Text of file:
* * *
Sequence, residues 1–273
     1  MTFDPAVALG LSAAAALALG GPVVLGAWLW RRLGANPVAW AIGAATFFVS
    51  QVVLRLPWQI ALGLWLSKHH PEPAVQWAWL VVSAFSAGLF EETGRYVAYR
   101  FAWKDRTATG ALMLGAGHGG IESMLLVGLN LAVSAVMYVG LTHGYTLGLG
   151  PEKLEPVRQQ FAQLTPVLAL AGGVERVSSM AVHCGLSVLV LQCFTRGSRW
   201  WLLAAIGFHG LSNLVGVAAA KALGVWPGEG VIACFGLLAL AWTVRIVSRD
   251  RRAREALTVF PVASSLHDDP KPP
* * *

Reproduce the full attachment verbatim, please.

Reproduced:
Sequence, residues 1–273
     1  MTFDPAVALG LSAAAALALG GPVVLGAWLW RRLGANPVAW AIGAATFFVS
    51  QVVLRLPWQI ALGLWLSKHH PEPAVQWAWL VVSAFSAGLF EETGRYVAYR
   101  FAWKDRTATG ALMLGAGHGG IESMLLVGLN LAVSAVMYVG LTHGYTLGLG
   151  PEKLEPVRQQ FAQLTPVLAL AGGVERVSSM AVHCGLSVLV LQCFTRGSRW
   201  WLLAAIGFHG LSNLVGVAAA KALGVWPGEG VIACFGLLAL AWTVRIVSRD
   251  RRAREALTVF PVASSLHDDP KPP